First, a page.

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Demand from fish farms drives crude fish oil prices higher

By Hank Schultz , 12-Nov-2012
Last updated on 12-Nov-2012 at 16:24 GMT2012-11-12T16:24:01Z

Demand from fish farms drives crude fish oil prices higher

Bulk fish oil prices are rising, driven both by competition from large aquaculture purchasers and lower catch quotas in the all-important Peruvian anchovy fishery.

“The last three fisheries—and by fisheries I mean individual six-month fishing seasons—in a row have shown a steady incline in the cost of crude fish oil,” Joe Agnew, vice president of dietary supplements for DSM/Ocean Nutrition told NutraIngredients-USA.

“The last season saw a realized increase of approximately 42% from the prior fishery six months earlier.”

Fish farms' insatiable demand

The biggest factor driving the increase is the use of fish oil and meal to feed the farmed fish that end up in fish markets and on restaurant plates around the world.  Even though there is strong and rising demand for crude fish oil to supply the omega-3s for use in dietary supplements and functional foods and in pharmaceuticals, that supply is a drop in the bucket compared to what goes into aquaculture.  So human nutrition demand is an insignificant factor in setting crude fish oil base prices.

“The majority buyer of the fish oil crude is the aquaculture and feed industry and because they tend to purchase the majority of the fish oil they tend to set our prices,” Agnew said.

“They don’t have specific specifications for EPA for DHA or other parameters that are important for our segment so they tend to pay the lowest price.

“Because of our specifications, we are typically paying the premium above what the aquaculture set rate is,” he said.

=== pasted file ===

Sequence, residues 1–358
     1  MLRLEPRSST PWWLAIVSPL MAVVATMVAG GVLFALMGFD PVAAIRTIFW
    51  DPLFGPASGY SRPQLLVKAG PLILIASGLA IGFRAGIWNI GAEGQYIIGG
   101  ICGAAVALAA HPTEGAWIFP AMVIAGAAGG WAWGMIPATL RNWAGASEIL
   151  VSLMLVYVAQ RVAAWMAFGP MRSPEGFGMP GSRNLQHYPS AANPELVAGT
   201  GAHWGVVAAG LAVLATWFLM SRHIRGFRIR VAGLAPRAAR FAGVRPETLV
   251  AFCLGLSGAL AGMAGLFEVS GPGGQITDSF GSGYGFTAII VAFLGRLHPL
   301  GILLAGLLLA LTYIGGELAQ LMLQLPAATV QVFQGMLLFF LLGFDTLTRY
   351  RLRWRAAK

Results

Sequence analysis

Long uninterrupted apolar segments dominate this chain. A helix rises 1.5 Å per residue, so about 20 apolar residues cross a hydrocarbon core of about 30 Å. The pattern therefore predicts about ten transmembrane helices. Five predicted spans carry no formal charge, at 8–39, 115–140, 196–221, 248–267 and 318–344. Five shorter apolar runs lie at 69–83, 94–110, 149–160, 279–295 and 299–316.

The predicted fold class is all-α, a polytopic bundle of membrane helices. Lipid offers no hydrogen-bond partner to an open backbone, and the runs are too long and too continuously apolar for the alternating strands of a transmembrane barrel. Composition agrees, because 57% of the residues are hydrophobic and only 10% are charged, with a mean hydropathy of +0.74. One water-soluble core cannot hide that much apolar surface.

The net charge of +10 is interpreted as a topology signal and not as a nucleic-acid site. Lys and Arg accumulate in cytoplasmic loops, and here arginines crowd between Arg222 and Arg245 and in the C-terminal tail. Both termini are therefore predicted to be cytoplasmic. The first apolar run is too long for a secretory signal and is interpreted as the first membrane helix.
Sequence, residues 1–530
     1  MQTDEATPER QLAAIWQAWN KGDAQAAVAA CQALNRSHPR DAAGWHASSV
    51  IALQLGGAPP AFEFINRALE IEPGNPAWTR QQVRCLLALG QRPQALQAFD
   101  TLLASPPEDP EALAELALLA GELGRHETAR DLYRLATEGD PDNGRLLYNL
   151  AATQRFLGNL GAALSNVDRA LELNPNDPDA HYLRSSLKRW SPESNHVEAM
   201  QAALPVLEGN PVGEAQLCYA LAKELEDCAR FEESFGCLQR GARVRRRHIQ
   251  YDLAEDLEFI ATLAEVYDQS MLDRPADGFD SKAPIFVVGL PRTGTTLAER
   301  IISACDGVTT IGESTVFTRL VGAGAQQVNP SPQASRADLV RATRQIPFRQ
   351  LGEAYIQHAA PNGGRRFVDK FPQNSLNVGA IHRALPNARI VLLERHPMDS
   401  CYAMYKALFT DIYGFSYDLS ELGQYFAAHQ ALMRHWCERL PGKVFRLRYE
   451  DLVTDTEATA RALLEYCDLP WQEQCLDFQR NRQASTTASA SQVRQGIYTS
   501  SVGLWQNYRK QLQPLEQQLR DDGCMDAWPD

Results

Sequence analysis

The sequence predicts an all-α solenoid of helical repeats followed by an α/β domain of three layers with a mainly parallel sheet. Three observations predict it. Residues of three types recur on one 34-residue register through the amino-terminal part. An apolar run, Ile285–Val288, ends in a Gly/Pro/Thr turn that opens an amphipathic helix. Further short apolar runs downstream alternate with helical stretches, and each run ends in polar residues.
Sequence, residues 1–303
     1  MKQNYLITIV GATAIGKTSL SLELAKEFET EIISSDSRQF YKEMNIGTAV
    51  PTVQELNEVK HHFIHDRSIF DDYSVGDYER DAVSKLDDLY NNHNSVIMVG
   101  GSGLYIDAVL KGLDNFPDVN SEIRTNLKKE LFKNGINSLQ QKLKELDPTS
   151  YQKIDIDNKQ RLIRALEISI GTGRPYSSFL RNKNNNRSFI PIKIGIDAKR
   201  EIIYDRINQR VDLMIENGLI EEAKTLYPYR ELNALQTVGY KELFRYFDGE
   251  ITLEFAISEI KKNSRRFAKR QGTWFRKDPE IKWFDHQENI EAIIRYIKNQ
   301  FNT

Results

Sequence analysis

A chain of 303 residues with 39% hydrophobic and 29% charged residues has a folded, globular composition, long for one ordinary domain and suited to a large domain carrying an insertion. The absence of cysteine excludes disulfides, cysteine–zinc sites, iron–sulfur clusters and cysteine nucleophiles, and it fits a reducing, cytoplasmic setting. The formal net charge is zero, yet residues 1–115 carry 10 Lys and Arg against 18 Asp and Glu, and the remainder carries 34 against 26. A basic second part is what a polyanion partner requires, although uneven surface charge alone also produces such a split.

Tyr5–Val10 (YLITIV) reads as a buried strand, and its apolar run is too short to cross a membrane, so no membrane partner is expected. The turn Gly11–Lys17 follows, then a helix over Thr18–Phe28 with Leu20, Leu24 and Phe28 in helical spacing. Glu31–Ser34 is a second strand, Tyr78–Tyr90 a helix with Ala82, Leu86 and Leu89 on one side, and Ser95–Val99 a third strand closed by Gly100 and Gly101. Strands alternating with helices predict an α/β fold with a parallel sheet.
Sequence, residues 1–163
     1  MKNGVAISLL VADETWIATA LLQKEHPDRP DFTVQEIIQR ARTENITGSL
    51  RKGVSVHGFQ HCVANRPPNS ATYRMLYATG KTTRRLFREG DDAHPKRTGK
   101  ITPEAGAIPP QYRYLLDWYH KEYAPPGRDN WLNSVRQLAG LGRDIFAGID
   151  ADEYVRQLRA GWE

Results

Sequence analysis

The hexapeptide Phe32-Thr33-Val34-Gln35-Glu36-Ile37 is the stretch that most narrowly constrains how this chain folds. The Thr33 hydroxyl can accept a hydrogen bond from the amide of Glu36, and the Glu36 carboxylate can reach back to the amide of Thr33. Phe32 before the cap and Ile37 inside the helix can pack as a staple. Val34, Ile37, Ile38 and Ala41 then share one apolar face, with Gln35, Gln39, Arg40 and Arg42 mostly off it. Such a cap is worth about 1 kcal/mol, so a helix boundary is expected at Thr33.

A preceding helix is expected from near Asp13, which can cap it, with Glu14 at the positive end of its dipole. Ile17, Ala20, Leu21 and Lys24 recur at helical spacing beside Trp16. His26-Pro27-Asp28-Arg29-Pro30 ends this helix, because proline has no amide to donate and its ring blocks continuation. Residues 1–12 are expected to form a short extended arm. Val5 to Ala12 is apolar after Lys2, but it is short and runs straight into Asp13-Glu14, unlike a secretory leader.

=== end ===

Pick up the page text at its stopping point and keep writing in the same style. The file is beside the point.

Quota declines by 68%

Complicating the picture is the announcement last week by the Peruvian Ministry of Production’s Fishing Vice-Ministry that the allowable catch limit of anchovy for indirect human consumption will decline by 68% percent from the previous period to 810,000 metric tons. The fishing season will be restricted to the northern part of Peru.

The ministry set the quota following the recommendations of IMARPE, the Peruvian governmental agency responsible for the study of the ocean and in particular how the  El Niño/La Niña cycles affect ocean biomass. IMARPE has put out recommendations on fishing quotas for years, and season-to-season fluctuations like this most recent one are not unheard of, Agnew said.

But the increasing pressure from the aquaculture sector as it relates to the quota fluctuations is something new.  Part of the recent increase in crude prices was driven by a very large purchase by an aquaculture company seeking to ensure their supply, Agnew said.  The big buy skewed the market a bit, legitimizing a higher price point than was expected even with the diminution of supply, he said.

In addition, Agnew said, some salmon farming operations in Chile that were damaged in recent storms are returning to production, adding to the demand from that sector.

The setting of crude fish oil prices doesn’t happen in a vacuum, Agnew said.

“Fish oil trades in the bandwidth of the other seven commodity oils, such as soybean oil, rapeseed oil, palm oil and cottonseed oil, and there an upward price trend on all of them,” he said.

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